In the interest of increasing my post frequency while not increasing the workload it imposes, I thought I'd take a hint from some of the more popular bloggers in my blogspace. Starting today, I will try to show everyone what I am reading online, and why I think it has importance (if any) to Service Level Automation and utility computing.
This will not replace my longer posts covering key topics in SLAuto or utility computing. I simply intend it to replace my tendency to put an interesting post or article aside saying "I'll blog on that some day", never to return.
Here goes day 1:
Sometimes 69 million > 143 million (Isabel Wang): I've talked before about the great consolidation of computing capacity that is coming our way. (Not a complete consolidation, mind you--there will always be private data centers for highly secure applications, and I believe there will be dozens of "boutique" capacity providers.) Isabel is covering Amazon's new payment service here, but her last paragraph on the winning providers supplying framework and application layers in addition to pure hardware capacity is right on the money.
EPA sends final report on data center energy efficiency to Congress (SearchDataCenter.com): It should be obvious why is important to SLAuto/Utility Computing/whatever. The chart from the executive summary says it all: we are on the hook as an industry to improve our practices as it relates to both utilization and power management. Have you thought about what that will take in your data center?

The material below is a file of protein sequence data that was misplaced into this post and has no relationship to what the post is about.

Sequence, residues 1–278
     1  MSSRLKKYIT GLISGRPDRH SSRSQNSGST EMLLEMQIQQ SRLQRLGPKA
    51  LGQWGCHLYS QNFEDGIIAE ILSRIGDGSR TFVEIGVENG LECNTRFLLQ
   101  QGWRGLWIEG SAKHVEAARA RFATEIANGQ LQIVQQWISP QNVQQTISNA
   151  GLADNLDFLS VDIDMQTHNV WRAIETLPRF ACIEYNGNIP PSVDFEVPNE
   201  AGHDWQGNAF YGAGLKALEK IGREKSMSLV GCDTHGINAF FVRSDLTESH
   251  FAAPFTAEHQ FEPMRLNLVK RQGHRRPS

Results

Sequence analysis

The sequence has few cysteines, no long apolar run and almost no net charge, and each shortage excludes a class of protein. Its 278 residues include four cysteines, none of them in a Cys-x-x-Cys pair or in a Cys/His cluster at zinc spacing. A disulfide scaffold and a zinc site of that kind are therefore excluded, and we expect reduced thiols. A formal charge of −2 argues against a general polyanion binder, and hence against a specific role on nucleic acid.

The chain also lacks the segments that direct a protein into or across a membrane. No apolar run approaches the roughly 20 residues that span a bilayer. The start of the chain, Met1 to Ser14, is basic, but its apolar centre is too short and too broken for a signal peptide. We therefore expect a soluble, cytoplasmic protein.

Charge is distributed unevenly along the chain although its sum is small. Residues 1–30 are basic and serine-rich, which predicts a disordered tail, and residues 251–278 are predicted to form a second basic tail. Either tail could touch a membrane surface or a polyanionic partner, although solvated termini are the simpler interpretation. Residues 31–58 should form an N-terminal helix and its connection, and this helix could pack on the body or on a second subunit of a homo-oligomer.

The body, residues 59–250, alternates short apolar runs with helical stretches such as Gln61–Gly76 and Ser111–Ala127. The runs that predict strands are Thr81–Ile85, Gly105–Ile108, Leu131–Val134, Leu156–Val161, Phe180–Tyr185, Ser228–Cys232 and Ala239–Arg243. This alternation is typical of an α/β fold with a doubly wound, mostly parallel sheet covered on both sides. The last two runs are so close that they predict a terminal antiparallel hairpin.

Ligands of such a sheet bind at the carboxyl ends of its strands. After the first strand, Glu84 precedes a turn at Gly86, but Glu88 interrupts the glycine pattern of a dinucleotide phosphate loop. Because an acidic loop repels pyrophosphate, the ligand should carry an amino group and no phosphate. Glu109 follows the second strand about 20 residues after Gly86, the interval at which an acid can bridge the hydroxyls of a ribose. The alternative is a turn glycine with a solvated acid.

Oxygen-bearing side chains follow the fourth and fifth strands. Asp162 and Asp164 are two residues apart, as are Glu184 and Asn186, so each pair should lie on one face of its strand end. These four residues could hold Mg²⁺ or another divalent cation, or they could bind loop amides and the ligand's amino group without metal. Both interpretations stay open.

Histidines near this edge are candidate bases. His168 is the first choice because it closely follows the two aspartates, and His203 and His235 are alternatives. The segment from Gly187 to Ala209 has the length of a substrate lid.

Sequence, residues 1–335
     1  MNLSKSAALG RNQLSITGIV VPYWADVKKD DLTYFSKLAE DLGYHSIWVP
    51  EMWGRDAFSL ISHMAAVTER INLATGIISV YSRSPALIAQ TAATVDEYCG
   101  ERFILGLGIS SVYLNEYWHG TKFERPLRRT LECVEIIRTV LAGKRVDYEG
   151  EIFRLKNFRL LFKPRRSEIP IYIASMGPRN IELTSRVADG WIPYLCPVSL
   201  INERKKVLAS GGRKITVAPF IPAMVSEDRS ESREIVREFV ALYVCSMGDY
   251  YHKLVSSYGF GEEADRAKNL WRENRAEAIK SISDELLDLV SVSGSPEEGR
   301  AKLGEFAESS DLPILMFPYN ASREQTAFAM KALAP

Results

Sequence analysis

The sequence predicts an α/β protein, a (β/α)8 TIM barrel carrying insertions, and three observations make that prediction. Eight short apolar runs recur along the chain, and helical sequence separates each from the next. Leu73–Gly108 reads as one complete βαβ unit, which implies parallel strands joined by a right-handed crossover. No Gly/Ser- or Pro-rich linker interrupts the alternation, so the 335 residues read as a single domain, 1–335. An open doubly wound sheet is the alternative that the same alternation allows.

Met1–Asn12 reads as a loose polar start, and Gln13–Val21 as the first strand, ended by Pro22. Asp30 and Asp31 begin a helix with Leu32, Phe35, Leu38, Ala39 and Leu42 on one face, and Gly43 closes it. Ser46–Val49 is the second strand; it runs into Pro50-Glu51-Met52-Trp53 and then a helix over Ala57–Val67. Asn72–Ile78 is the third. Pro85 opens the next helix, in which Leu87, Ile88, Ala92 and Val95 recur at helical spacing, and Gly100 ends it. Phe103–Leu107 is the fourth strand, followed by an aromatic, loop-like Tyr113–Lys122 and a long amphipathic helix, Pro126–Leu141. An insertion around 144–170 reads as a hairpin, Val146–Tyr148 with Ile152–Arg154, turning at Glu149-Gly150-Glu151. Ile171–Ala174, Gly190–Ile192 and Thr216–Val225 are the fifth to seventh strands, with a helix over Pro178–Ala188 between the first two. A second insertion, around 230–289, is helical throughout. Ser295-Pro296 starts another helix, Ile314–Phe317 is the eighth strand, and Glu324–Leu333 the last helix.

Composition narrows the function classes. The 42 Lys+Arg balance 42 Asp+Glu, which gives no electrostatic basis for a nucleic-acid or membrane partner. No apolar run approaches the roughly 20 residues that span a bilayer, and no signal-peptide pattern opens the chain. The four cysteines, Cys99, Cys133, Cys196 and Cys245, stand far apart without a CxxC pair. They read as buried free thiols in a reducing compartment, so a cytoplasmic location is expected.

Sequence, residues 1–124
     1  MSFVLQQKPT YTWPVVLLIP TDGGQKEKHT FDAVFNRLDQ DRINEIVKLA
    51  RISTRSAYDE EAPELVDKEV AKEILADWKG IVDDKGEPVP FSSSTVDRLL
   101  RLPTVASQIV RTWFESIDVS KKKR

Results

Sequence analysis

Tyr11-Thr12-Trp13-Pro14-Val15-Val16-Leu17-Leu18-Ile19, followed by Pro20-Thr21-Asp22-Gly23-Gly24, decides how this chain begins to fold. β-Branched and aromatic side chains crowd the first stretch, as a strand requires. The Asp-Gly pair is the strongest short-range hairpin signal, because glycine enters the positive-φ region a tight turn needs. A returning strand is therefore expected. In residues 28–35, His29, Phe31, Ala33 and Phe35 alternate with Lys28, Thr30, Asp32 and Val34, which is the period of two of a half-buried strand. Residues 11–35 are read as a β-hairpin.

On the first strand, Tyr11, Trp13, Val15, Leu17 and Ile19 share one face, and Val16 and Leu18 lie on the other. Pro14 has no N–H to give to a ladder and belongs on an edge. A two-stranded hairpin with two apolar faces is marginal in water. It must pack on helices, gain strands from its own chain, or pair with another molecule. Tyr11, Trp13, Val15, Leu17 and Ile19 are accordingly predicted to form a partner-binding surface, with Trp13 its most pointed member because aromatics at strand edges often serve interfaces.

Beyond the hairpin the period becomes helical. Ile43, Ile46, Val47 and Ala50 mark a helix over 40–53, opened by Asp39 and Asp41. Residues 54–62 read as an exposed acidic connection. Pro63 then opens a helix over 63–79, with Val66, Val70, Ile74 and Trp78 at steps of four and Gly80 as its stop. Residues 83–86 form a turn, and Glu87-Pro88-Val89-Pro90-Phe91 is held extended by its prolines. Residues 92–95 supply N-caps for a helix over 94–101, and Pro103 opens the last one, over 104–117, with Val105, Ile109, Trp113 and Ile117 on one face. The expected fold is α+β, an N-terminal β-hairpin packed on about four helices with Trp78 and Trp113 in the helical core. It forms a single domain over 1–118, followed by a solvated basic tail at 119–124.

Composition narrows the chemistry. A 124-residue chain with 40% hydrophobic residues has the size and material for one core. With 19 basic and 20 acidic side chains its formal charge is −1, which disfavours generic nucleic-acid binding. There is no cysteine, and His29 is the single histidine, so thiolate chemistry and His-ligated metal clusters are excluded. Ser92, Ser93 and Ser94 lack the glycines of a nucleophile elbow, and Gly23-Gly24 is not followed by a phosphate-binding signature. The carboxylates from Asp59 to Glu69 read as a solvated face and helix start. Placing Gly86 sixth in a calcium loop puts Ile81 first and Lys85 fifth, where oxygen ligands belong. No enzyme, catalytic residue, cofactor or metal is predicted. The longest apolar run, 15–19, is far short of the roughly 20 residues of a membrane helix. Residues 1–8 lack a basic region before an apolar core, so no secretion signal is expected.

Virtualization users say, 'Better management tools, please' (SearchServerVirtualization.com): Another Survey reinforcing what we've been saying all along; if you jump into the virtualization bandwagon, that's great, but be prepared for a management nightmare. While I would agree that improving the "virtualization awareness" of traditional management tools might help, I would argue that you still have too much volume to handle without automation. In this context, when you see "management", I recommend that you think automation.
Microsoft Building the Ultimate Spyware System (Jek Hui): Of the many posts covering Ray Ozzie's overview of Microsoft's utility computing play, I chose this one a) for the headline, and b) for the generally succinct coverage of Ray's comments. Believe me, if Microsoft can really overcome the "innovator's dilemma" and make this work, they will knock two or three of the utility computing competitors out of the race. So far, it's Google vs. Amazon (see above), but I like Microsoft's chances here. Will the service be sensitive to the needs and privacy of its users? I know where I'd put my money...